Malavika’s Mumbaistan: Heartwarming storymumbai Updated: Jul 26, 2018 16:29 IST
Arjun Rampal spoke of his mother’s battle with cancer.(HT Photo)
Few people could bring home the anguish and pain that cancer can wield on the sufferer and their family more evocatively than Arjun Rampal. In a 15-minute clip released this week, his voice low and steady, Rampal looks into a camera and narrates in detail how his beloved mother was wreaked by the disease a few years ago. How the family had run from pillar to post, undergoing bout after bout of surgery and chemotherapy, until while in New York at the end of his tether, he had reached out to The Champalimaud Centre for the Unknown in Lisbon, Portugal. From here, the great sadness in Rampal’s eyes begins to lift, as he explains how through its treatment of Single Dose Radiation Therapy, his mother got better day by day, her tumours shrunk and her cancer was eliminated. The video ends with Rampal turning the camera to show his beaming mum, waving and expressing her gratitude to the centre. Rampal is not the only Indian celebrity to endorse the bio-medical research institute. As is known, Lalit Modi has also put his resources behind the Champalimaud Foundation after it is said to have cured his wife of the disease.
‘The Homeless Rich’ a post on a friend’s timeline reveals what we’ve always known: money or success does not insulate you from the ever- increasing malaise of loneliness and isolation. To his credit, our friend does not reveal the name of whom the incident is about, and we have not revealed his, because that is not the point of this story; here it is. “Last evening, at the coffee shop in the lobby of a five-star hotel, an elderly lady was talking loudly on her phone and ordering the waiters around every few minutes. I even heard her say, ‘I will call the police’” it begins. It goes on to describe the abject loneliness that had driven a senior citizen, who is revealed by the staff to be a wealthy regular customer who confides in them about her family issues. “She sits for many hours, and orders nothing or sometimes more coffee and food than required!” the friend is informed. What’s more, according to the staff, she’s not the only one: “There are many such ‘homeless rich’ who don’t want to return home, and seek comfort talking to the coffee shop staff. They enjoy the noise and chatter, the space they get, and the attention from staff,” says a member of the establishment. As we were saying, even money or success do not insulate you from the ever-increasing malaise of loneliness and isolation.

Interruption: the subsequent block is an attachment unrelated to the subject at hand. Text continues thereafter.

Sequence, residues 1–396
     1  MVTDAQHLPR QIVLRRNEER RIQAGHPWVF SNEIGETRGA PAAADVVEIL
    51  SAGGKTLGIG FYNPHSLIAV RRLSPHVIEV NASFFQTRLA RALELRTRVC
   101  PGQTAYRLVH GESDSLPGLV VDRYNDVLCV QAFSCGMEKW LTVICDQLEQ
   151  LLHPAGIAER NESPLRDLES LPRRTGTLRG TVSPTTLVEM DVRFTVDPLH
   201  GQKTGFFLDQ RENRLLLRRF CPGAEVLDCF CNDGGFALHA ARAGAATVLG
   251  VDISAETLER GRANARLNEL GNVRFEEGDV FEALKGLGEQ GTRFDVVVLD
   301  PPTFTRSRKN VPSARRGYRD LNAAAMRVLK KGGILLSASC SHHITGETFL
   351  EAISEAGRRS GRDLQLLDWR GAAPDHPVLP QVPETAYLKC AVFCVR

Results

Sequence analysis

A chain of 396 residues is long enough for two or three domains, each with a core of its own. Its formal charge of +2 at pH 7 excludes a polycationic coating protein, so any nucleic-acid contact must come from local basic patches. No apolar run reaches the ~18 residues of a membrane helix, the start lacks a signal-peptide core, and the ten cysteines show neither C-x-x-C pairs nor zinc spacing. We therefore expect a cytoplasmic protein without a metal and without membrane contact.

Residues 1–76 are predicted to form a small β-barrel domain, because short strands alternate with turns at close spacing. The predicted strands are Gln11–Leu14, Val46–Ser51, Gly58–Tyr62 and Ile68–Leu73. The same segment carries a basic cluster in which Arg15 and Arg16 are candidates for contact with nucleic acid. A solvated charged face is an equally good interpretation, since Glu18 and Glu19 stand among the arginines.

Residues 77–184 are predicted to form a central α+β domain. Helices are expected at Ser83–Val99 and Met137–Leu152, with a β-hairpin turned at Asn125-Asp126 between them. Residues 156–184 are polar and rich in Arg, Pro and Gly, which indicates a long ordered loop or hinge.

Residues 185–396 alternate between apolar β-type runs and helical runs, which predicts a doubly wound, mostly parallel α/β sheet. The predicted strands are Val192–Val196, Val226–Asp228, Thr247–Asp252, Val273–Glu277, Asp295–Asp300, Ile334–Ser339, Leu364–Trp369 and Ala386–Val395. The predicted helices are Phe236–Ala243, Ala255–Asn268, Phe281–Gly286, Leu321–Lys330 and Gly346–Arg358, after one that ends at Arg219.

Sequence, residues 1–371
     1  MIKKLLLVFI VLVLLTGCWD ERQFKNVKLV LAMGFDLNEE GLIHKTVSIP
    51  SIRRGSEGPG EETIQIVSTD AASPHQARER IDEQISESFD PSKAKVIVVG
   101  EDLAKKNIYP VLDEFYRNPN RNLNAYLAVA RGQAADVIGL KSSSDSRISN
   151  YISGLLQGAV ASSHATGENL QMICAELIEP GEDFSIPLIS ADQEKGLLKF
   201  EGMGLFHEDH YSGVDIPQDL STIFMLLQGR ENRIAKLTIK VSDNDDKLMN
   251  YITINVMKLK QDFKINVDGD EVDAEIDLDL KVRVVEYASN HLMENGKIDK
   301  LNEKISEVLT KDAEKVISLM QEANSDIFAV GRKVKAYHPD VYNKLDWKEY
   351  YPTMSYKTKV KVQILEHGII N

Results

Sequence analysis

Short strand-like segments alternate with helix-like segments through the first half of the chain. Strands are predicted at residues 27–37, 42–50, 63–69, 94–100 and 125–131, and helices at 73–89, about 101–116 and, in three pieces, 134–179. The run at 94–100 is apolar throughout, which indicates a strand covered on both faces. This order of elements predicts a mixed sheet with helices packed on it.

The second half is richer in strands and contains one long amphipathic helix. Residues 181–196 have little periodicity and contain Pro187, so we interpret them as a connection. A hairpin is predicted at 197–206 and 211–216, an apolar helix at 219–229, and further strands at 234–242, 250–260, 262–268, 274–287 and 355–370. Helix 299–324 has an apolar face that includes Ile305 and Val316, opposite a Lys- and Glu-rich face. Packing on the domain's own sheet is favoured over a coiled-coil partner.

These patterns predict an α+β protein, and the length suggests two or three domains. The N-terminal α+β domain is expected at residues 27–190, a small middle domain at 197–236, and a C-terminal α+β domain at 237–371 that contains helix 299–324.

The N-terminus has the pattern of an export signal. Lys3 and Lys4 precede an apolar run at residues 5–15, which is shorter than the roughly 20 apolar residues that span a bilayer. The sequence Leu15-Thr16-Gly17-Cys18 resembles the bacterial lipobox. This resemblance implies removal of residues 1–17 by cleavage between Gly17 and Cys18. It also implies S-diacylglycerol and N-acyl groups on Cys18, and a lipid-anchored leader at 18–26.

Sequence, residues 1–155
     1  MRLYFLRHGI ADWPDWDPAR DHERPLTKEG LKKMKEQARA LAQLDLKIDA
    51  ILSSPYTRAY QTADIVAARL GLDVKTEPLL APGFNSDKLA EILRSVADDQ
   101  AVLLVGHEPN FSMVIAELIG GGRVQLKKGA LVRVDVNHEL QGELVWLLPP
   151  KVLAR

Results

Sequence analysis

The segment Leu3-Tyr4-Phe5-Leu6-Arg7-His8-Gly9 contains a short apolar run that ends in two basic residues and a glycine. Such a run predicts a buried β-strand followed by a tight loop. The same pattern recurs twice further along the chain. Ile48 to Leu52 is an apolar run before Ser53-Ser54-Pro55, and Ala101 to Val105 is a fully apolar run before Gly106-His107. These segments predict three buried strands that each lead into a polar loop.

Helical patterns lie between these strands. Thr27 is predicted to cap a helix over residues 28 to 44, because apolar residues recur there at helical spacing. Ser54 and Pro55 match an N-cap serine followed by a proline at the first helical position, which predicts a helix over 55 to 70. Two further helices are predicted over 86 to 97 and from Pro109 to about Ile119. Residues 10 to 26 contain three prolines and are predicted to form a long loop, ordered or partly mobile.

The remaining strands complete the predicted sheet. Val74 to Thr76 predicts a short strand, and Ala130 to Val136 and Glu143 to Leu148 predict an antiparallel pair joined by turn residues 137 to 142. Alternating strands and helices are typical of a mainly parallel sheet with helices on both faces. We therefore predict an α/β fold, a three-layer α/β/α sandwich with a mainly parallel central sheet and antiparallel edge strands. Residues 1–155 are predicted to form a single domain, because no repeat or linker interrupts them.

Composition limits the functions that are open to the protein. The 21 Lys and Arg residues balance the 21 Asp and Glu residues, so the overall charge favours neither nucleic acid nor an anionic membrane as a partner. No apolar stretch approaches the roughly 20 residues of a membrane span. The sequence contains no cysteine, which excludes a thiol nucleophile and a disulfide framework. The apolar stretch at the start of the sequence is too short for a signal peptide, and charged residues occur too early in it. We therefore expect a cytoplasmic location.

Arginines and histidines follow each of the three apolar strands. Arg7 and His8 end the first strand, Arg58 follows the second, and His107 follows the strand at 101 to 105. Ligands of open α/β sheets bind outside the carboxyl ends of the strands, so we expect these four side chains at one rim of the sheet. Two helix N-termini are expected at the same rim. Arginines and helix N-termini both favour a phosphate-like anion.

‘All those lonely people, where do they all come from?’
What They Say —
“Rishi Kapoor loses temper with unruly crowds at press conference for newest film.”
— News reports yesterday
What They Mean —
“Any chance of him being co-opted as speaker of the Lok Sabha please? He’s just what the doctor ordered.”
A HAUTE COUTURE GAME CHANGER?
So this could be a game-changer in the world of international haute couture and in some ways the Indian fashion industry too. According to sources, for the wedding of weddings, the imminent nuptials of the Indian heiress who was recently swept of her feet by the scion of a blue chip business family, the grandest European designer, a man whose name has passed into legend for his opulent gowns and high style, the Emperor himself, Valentino Clemente Ludovico Garavani, aka Valentino, has been persuaded to come out of retirement to design the bride’s wedding lehenga! The Italian designer now in his late eighties, who was a great favourite of Jackie Kennedy and Diana de Vreeland, amongst others, had officially retired in 2008, with a tribute show that featured such legends as Eva Herzigová and Naomi Campbell. If this indeed does come to pass, then it just might prompt other international couturiers of his calibre to turn to Indian traditional wear for inspiration for their future lines. As it is, the differences between fashion styles across the world appear to be blurring.
Could the Indian lehenga take over European haute runways? And, will this be a game-changer for Indian craftspeople like embroiders, jewellers, karigars etc? Will they be employed at better rates if the demand soars? What effect will this though have on India’s fashion designers, many of them who are extraordinarily talented? Will the fact that an international designer has been picked to create what is easily one of the most eagerly-awaited wedding lehenga in recent times, take competition in to another league altogether? But we are getting ahead of ourselves... Besides, Valentino is not the only designer who has been commissioned to come up with wedding wear for the occasion. Sources say: Dolce and Gabbana have been sounded off about a few gowns too…